Hello and welcome to one of my rare blog posts almost at the end of 2014!

I wanted to change the subject a bit from the regular blog posts and talk about something that most developers either take for granted or take seriously (I am the latter) and that is the hardware they choose (or are given) to develop on.

I think as I have become more experienced over time as a developer I have started to create a wish list in the back of my mind for the ideal developer platform I need to do my job and more importantly for me to enjoy developing on because too many times I have worked in roles where not enough emphasis or priority was placed on what the developers needed to do their job correctly.

This wasn’t so much a case of tight purse strings as lack of understanding at the time as to what developers require and as it was usually up to the infrastructure folks to commission the hardware they usually ended up delivering what other users had which wasn’t always right and equally I think some developers had a vague idea of what they needed but were not hardware addicts or power users like other IT folks so they didn’t always voice concerns or specific requirements.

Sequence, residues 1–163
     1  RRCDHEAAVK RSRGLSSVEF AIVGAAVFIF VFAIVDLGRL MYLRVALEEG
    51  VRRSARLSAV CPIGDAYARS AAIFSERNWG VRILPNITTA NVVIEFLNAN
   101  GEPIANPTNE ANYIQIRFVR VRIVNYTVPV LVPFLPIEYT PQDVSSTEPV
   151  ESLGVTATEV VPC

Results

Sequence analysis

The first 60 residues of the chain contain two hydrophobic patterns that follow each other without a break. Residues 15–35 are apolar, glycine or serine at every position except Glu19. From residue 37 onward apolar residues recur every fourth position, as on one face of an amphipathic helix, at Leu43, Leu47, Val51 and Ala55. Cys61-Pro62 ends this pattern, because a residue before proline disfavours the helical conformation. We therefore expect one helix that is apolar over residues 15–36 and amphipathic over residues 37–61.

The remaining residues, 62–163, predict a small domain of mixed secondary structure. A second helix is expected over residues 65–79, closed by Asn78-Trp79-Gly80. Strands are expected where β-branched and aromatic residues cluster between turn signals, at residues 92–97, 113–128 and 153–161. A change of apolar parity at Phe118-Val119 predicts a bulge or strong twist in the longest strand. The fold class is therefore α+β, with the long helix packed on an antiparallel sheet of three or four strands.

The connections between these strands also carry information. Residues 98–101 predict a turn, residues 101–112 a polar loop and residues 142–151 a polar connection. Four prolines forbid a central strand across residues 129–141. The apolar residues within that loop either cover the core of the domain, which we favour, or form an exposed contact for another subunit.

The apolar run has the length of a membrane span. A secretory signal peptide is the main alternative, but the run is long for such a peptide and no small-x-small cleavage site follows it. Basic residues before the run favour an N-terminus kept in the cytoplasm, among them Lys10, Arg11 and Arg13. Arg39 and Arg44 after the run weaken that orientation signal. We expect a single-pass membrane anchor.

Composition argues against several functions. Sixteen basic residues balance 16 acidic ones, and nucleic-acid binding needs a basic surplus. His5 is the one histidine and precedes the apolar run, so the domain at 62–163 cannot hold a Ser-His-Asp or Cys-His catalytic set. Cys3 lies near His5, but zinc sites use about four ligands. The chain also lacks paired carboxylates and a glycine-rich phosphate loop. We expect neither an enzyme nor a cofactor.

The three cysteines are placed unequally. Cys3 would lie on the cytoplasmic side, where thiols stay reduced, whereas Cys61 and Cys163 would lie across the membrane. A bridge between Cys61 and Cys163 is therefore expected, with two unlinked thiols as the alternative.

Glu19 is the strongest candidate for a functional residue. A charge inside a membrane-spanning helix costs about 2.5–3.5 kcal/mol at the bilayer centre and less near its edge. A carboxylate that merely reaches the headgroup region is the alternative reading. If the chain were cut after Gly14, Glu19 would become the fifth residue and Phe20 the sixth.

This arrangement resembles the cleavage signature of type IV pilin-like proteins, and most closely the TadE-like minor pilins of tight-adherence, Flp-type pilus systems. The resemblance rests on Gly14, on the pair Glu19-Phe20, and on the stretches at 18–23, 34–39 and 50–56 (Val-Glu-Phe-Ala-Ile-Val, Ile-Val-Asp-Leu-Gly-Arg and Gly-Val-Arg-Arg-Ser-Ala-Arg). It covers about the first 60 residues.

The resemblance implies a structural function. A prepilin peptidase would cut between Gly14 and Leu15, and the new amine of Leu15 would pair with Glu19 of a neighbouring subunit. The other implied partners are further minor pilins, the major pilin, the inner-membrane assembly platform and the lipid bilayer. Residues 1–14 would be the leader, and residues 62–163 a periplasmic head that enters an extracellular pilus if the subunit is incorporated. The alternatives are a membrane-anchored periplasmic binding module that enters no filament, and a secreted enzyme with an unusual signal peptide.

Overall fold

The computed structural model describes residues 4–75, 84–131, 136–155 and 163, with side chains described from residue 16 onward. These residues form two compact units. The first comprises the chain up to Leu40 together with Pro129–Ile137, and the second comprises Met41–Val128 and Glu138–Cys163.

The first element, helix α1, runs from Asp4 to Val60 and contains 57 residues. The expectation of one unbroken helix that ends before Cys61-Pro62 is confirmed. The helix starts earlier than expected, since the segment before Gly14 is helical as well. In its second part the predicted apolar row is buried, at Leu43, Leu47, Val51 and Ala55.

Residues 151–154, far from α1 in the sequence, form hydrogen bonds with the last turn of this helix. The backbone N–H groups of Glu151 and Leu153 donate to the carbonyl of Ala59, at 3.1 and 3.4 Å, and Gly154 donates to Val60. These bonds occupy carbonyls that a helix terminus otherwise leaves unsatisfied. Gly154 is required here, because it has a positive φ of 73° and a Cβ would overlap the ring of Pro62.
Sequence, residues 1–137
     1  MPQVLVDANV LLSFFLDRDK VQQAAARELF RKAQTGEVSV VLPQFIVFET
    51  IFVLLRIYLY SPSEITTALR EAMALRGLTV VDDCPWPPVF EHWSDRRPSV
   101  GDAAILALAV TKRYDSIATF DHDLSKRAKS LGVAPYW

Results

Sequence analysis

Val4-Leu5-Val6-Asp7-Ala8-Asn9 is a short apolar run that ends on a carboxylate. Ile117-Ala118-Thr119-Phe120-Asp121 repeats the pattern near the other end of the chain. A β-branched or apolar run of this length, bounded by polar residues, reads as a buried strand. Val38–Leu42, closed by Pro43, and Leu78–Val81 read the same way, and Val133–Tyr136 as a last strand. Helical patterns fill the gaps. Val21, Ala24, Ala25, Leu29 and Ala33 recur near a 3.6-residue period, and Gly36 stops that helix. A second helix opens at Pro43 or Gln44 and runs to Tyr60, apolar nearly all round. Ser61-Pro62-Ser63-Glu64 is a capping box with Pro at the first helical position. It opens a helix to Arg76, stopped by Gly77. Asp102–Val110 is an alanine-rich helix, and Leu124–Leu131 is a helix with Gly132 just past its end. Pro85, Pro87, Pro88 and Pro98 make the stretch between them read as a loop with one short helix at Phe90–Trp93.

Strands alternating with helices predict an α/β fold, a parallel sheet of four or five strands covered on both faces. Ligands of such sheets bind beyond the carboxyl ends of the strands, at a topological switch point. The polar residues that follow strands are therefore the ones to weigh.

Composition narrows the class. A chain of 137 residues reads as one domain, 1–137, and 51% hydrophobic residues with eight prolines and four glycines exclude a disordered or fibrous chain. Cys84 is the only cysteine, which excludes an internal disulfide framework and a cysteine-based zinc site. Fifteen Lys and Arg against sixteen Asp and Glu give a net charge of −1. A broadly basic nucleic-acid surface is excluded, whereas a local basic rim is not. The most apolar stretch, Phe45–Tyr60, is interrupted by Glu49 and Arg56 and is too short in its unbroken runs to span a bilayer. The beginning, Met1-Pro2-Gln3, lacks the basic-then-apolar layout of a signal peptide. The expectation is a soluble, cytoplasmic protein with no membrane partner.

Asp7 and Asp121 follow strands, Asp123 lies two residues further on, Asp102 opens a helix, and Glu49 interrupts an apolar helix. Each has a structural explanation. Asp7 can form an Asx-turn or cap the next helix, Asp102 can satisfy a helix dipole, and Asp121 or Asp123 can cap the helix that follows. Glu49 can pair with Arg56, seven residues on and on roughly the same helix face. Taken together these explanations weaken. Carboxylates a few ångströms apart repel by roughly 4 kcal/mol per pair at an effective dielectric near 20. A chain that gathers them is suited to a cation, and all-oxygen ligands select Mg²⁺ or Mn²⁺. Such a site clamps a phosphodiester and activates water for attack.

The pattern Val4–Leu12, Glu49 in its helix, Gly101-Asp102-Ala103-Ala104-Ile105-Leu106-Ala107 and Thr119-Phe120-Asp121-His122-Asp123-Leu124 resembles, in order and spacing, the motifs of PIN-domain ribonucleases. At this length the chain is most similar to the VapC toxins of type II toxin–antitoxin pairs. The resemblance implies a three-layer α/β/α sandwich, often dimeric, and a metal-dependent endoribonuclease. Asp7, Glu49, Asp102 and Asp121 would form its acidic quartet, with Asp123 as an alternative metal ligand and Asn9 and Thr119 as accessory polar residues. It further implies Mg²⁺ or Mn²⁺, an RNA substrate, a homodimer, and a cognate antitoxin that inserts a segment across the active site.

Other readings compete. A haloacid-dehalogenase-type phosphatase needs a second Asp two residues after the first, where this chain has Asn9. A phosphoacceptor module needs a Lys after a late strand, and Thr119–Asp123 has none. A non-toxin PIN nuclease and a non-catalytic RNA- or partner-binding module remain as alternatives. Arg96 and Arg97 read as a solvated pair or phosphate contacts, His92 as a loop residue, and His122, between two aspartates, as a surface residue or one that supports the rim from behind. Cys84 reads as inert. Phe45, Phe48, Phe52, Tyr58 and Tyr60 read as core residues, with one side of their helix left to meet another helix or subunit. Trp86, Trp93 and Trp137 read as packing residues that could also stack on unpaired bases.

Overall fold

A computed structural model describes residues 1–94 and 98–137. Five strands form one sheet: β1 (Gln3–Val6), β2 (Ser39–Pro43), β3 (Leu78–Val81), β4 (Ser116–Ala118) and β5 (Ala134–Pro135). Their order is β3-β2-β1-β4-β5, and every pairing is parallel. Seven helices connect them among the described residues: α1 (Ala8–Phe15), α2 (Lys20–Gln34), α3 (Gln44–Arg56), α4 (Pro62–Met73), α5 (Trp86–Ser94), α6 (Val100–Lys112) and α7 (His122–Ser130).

I am fortunate in that I have done development roles were the hardware was inadequate and abysmal and in one case it took over a year to obtain more memory into what was an already struggling Dell desktop machine…with a single screen – THE HORROR!

Things did improve, alibet slowly and I think that was down more to me as a developer because over time in interviews and/or during 1-2-1 and developer forums I would start to raise concerns and in the case of some recent past interviews one of my primary questions to the employers was: “What’s the hardware like, what’s the software like, how is the Group policy, Servers” and so on because as a developer I should know what I need to do my job and equally development managers should know what their guys need to work efficiently.